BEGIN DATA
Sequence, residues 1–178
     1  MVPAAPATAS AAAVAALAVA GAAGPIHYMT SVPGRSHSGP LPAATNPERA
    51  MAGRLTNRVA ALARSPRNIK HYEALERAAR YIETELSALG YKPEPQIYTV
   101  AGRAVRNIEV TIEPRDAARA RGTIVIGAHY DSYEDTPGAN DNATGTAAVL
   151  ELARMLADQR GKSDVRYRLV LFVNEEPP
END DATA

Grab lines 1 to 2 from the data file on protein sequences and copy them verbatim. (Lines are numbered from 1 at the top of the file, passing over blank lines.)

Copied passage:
Sequence, residues 1–178
     1  MVPAAPATAS AAAVAALAVA GAAGPIHYMT SVPGRSHSGP LPAATNPERA